Jake Millar: (09:51):

So thinking globally is really important, especially with snap inspect, most of your revenue actually comes from the States. So do you think more Kiwi entrepreneurs need to think global? Do they think global enough?

Sam Ovens: (10:02):

No, they don’t. Right now, no Kiwis globally. I’ll give you a really good reason why they should. So we have a client in the US that has more properties under management than there are properties under management in the whole of New Zealand. So if we had every single property management company in New Zealand as a customer, they wouldn’t even be the size of one client that we have in the US. So you could spend 10 years and sweating, you’d never get all the customers there are in New Zealand and we could just get one client in the US and that’s more. So, the US is 98 or 99% of our revenue. Without them, we would literally be like microscopic. I can’t stress how important it is, and it’s not just the US it’s the US, the UK, Canada, Australia. They all speak the same language. I mean, there’s no real culture difference or anything. If someone has a problem here, they’ll have it over there. They speak the same language and they’re willing to pay. They don’t care where the company’s based. Those are your markets first off, all of them.

Jake Millar: (11:10):

So a lot of entrepreneurs face problems of web development. A lot of them spend a lot of money on that. Say in New Zealand, you might spend $10,000 versus $1000 overseas. Do you think it’s important just to go overseas and save money doing that?

Sam Ovens: (11:23):

Absolutely. If you’re building an app, if you’re building a software product, or if you’re just building your own website, that should be overseas. All companies in New Zealand overcharge for that sort of stuff. And it’s not them being criminals or anything, they just have high overheads. They have to pay market rate for their software developers and everyone here. They have lots of costs and overhead, so that’s sort of the prices they have to charge to make margin. Whereas overseas, it’s all very different. There are people in the Philippines who’s operating expenses are $100 or $200 a month, they don’t need to make the same amount of revenue to make a profit. So absolutely we built snap inspect, our first version in India. And everything else that we do is offshore.

Sam Ovens: (12:09):

The only real things we do onshore is sales and customer support because of the communication, we need good communicators.

Jake Millar: (12:17):

So Sam, what are your plans for the future? What’s what’s after snap inspect?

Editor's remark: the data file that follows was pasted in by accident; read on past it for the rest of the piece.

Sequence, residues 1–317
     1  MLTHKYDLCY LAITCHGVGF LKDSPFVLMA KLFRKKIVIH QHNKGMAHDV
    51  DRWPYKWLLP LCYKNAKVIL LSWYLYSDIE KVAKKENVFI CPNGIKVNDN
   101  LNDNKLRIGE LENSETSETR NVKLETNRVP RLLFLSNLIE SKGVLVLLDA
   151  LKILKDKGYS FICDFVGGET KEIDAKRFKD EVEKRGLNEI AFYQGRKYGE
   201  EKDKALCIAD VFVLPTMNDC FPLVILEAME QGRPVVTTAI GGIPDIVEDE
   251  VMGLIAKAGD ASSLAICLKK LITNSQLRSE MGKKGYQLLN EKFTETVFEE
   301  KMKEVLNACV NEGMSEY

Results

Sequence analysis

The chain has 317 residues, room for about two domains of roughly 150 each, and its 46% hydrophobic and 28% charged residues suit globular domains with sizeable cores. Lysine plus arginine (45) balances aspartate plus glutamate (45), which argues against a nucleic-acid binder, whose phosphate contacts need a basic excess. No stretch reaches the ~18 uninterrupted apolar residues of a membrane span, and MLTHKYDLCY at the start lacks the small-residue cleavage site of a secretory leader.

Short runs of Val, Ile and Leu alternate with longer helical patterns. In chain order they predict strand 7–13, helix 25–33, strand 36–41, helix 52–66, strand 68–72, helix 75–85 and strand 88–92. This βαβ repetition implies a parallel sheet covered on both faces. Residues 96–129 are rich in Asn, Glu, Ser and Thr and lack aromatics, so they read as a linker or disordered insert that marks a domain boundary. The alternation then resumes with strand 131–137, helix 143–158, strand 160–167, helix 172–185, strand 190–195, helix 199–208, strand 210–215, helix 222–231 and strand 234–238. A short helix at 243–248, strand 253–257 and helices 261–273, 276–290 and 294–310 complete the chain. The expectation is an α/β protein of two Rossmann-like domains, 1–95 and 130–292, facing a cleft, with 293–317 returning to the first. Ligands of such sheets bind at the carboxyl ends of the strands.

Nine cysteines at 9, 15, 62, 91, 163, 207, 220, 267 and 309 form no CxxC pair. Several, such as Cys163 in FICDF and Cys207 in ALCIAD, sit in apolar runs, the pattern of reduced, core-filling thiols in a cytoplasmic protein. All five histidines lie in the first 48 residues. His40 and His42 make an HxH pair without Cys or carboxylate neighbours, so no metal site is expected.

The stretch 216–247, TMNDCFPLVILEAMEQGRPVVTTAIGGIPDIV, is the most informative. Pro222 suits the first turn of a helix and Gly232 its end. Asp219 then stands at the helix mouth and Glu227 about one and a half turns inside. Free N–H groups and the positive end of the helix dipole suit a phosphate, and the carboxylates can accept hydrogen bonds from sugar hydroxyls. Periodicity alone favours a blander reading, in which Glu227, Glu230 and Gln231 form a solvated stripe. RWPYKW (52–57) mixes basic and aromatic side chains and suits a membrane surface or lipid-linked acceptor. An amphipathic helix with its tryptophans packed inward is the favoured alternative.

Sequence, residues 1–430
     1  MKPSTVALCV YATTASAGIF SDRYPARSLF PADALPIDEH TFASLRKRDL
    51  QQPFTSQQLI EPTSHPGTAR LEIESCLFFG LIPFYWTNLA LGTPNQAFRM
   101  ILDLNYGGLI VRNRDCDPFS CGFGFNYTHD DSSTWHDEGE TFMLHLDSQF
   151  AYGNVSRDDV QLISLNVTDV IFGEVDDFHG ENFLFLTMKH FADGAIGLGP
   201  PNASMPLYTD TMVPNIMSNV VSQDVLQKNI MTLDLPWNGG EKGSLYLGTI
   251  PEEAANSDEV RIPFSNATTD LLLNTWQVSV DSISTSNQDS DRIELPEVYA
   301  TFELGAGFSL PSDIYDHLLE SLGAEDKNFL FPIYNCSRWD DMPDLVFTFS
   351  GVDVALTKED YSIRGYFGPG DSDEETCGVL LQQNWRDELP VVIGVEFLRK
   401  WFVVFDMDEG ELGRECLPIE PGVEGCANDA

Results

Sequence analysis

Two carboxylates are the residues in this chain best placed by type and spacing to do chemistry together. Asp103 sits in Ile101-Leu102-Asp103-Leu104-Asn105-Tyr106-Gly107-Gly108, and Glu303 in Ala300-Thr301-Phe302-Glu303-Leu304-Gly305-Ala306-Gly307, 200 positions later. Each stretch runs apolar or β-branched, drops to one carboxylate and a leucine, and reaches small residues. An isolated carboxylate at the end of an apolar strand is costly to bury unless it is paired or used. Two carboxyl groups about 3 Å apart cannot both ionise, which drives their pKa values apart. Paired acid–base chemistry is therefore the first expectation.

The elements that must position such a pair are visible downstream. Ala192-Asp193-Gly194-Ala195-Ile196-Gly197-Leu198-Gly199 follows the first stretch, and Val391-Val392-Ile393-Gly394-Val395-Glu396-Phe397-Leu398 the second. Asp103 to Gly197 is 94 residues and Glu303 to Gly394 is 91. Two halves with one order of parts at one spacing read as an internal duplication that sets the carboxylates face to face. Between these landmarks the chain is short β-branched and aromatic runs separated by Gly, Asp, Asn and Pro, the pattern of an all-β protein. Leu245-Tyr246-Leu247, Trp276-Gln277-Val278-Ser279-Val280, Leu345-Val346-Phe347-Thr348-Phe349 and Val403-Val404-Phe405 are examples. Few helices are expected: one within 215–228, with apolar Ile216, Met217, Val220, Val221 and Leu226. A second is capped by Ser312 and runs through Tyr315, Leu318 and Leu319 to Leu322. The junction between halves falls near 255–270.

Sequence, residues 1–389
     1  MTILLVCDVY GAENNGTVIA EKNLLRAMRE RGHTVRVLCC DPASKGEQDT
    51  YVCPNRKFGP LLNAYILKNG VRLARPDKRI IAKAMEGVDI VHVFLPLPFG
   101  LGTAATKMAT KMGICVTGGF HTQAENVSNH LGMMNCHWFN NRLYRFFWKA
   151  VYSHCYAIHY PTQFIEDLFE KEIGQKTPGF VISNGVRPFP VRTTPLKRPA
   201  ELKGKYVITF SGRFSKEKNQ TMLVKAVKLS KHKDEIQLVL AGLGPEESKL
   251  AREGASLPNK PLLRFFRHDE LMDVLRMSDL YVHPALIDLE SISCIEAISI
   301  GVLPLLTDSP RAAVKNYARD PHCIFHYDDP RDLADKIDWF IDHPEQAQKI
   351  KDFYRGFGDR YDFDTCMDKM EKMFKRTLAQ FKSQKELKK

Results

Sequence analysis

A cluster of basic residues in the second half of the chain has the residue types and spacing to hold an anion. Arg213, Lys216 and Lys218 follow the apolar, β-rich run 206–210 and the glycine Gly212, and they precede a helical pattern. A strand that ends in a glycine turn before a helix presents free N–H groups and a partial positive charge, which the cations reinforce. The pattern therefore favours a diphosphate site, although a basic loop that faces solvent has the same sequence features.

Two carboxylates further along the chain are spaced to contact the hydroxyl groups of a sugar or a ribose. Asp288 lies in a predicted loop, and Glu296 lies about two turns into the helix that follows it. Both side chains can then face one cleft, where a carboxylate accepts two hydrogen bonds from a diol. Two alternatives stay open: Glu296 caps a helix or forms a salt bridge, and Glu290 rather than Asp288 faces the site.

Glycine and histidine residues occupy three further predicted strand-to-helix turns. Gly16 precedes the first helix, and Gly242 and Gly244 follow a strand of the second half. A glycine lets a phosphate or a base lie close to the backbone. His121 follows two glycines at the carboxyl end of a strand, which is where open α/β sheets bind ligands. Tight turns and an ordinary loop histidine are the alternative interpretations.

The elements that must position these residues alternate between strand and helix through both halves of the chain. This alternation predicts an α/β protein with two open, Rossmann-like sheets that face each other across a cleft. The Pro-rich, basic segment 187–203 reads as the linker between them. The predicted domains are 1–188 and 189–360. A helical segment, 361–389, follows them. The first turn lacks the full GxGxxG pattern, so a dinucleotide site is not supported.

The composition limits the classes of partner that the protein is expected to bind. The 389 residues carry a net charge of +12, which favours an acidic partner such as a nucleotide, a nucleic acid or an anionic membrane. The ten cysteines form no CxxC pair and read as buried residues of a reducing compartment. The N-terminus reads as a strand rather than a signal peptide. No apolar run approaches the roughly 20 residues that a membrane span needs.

Sam Ovens: (12:21):

Yeah, so, I mean, it’s not after snap inspect because this company is still going. I’m still focusing a lot of my time on snap inspect and growing it, it’s still a very young company, there’s still plenty of market share left to eat. We only sell one product. We could do more products.. there’s lots of opportunity for growth there. Literally the company is only just getting started. So a lot of my time is focused on that, and I’ve also invested in a couple of other software companies based on everything I’ve learned over the past three or four years.

Sam Ovens: (12:54):

So diversifying investing in some other companies and information products, which is another industry that’s quite hot right now. The two major industries online that are exploding are software as a service, which is what snap inspect is, and information products. So online courses about entrepreneurship and how to start software companies and things like that.

Jake Millar: (13:21):

And you’re quite keen to keep going down that internet based business road, as opposed to sort of creating a product physically and then actually selling that?

Sam Ovens: (13:29):

Yeah, well the only brick and mortar business I have right now is my shared office space and the profit margins and the admin and everything are just no where near as exciting as the online space. If I want to scale my shared office space, I have to get a bigger premises, buy more desks, buy more chairs, and the amount of revenue, the amount of additional revenue I gained from that isn’t even that much.

Sam Ovens: (14:05):

So online is definitely more exciting and it’s a lot less capital intensive.

Jake Millar: (14:10):

Sam to finish off, what are your wise words for the people of New Zealand?

Sam Ovens: (14:15):

Find a market, find a problem and don’t build things that you think are cool. Don’t come up with ideas in the shower, or try to build a new Facebook or Twitter. Solve people’s problems and get paid for it.

Jake Millar: (14:33):

Sam. Thanks very much.